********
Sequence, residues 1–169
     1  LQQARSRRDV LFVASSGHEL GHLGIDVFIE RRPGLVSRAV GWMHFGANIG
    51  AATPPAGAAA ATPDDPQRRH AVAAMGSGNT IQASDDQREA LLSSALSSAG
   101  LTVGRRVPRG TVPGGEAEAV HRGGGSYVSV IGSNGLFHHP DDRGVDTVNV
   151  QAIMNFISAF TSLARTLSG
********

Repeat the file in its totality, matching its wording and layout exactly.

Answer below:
Sequence, residues 1–169
     1  LQQARSRRDV LFVASSGHEL GHLGIDVFIE RRPGLVSRAV GWMHFGANIG
    51  AATPPAGAAA ATPDDPQRRH AVAAMGSGNT IQASDDQREA LLSSALSSAG
   101  LTVGRRVPRG TVPGGEAEAV HRGGGSYVSV IGSNGLFHHP DDRGVDTVNV
   151  QAIMNFISAF TSLARTLSG